The possibility of a prison sentence for Donald Trump in 2024 hangs in the balance of a federal appeals court, working on its schedule, while each passing day becomes crucial.
The criminal proceedings against Trump, involving charges of attempting to subvert the 2020 election, have been on hold for over 50 days.
These proceedings won’t resume until the D.C. Circuit Court of Appeals, and likely the Supreme Court, resolves the key question: whether a former president, like Trump, is immune from criminal prosecution.
Even if the courts reject Trump’s immunity arguments, a likely outcome according to legal experts, the extended delays benefit Trump’s strategy of prolonging his trials.
These delays raise the possibility that, if he wins the 2024 presidency, Trump could evade charges by having the Justice Department terminate the prosecutions or even by pardoning himself.
U.S. District Judge Tanya Chutkan, overseeing Trump’s federal election case, aims for an expeditious trial, officially scheduled to start on March 4.
However, the pending immunity appeal suggests a delay, with the earliest trial date possibly in late April. If the courts take additional weeks or months to deliver a final ruling, the trial might extend into the summer or fall.
If Trump secures the 2024 GOP presidential nomination by that point, he and his allies could pressure to postpone the trial until after the election, despite Chutkan’s intentions.
Proceeding with the trial during the campaign would require Trump’s presence in court for weeks, an obstacle he might use for fundraising and rallying supporters against perceived political prosecutions.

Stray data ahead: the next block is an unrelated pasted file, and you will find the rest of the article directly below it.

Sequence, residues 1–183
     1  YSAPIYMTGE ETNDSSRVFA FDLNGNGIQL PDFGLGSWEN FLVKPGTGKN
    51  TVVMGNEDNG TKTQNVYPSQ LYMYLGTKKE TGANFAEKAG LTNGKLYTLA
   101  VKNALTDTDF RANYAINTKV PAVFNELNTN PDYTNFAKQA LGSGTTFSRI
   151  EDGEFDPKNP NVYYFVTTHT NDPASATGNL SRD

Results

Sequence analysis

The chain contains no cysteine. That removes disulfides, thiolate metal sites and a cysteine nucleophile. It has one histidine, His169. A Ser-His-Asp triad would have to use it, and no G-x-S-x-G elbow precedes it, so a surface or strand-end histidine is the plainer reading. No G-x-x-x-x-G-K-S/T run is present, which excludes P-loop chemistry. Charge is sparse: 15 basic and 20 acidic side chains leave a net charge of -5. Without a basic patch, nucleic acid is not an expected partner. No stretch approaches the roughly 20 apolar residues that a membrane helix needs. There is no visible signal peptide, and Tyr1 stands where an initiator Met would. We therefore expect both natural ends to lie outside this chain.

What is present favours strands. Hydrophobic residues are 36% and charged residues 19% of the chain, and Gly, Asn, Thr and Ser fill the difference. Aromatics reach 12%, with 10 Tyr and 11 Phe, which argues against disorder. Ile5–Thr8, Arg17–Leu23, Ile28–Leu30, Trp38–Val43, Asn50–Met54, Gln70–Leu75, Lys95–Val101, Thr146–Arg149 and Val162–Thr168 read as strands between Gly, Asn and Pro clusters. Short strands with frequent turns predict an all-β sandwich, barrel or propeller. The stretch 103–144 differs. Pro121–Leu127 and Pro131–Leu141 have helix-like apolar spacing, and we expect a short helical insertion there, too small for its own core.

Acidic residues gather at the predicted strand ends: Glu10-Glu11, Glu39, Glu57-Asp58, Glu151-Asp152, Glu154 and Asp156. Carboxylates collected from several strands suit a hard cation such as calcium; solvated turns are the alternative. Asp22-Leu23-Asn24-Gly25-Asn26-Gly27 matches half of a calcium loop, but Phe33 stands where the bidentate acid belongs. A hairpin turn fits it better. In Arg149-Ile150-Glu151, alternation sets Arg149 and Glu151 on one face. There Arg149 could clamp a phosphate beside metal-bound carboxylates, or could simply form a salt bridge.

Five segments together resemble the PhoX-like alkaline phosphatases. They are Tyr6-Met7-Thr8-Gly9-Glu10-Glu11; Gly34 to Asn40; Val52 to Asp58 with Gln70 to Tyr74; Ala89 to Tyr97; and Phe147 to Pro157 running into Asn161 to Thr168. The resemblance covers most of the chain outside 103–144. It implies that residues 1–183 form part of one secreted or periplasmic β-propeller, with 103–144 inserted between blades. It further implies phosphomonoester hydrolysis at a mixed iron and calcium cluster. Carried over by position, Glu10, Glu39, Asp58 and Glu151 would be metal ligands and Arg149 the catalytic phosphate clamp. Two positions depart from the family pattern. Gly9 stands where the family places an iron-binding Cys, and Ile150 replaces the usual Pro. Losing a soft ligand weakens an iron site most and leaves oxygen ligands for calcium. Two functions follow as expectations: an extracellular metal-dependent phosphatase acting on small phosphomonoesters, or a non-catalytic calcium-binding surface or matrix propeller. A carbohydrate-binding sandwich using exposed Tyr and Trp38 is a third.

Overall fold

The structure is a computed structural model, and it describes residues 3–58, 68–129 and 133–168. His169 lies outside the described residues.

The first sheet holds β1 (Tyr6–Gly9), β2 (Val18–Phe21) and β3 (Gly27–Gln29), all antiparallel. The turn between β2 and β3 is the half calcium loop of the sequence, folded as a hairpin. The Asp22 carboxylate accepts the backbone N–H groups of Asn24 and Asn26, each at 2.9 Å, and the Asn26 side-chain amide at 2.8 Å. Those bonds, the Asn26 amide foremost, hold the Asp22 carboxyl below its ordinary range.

The current timeline is in the hands of a three-judge panel of the D.C. Circuit, which heard arguments on the immunity issue on Jan. 8. The court’s silence for over three weeks has created uncertainty, as there’s no mandated deadline for a ruling.
Legal experts expected a quick ruling after the arguments, but the delay prompts speculation about the internal workings of the appeals court, especially regarding seniority and internal procedures.
The timing of the court’s opinion could impact the potential Supreme Court battle, with Trump already indicating his intention to seek their judgment on a broad definition of presidential immunity.
The extended deliberation increases the likelihood that the Supreme Court might defer the issue into the fall, eliminating the possibility of a trial before the election. This timeline significantly influences whether Trump faces a criminal trial with potential jail time in 2024.
Apart from the Washington case, Trump is entangled in three other criminal cases in Florida, Georgia, and New York. The trial in the New York case is set for late March, while the Georgia case might be postponed to 2025.
The classified documents case in Florida, scheduled for May 20, also faces potential delays as pretrial deadlines are extended by a Trump-appointed judge.
The hiatus in the Washington case began on Dec. 7 when Trump appealed Chutkan’s ruling that no former president enjoys immunity from criminal prosecution. As long as the immunity question remains unresolved, Chutkan has acknowledged that Trump is not obligated to continue preparing for trial.